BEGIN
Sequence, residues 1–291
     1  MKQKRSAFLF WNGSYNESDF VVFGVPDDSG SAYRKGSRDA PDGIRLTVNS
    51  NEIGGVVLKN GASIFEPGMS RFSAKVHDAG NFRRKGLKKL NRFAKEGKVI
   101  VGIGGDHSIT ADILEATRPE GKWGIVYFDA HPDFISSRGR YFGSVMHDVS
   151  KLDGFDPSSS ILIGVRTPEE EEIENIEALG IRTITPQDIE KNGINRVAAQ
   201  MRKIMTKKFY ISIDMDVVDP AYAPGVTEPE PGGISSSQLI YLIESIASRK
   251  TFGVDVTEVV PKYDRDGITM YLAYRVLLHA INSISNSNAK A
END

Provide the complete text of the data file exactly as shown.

Sequence, residues 1–291
     1  MKQKRSAFLF WNGSYNESDF VVFGVPDDSG SAYRKGSRDA PDGIRLTVNS
    51  NEIGGVVLKN GASIFEPGMS RFSAKVHDAG NFRRKGLKKL NRFAKEGKVI
   101  VGIGGDHSIT ADILEATRPE GKWGIVYFDA HPDFISSRGR YFGSVMHDVS
   151  KLDGFDPSSS ILIGVRTPEE EEIENIEALG IRTITPQDIE KNGINRVAAQ
   201  MRKIMTKKFY ISIDMDVVDP AYAPGVTEPE PGGISSSQLI YLIESIASRK
   251  TFGVDVTEVV PKYDRDGITM YLAYRVLLHA INSISNSNAK A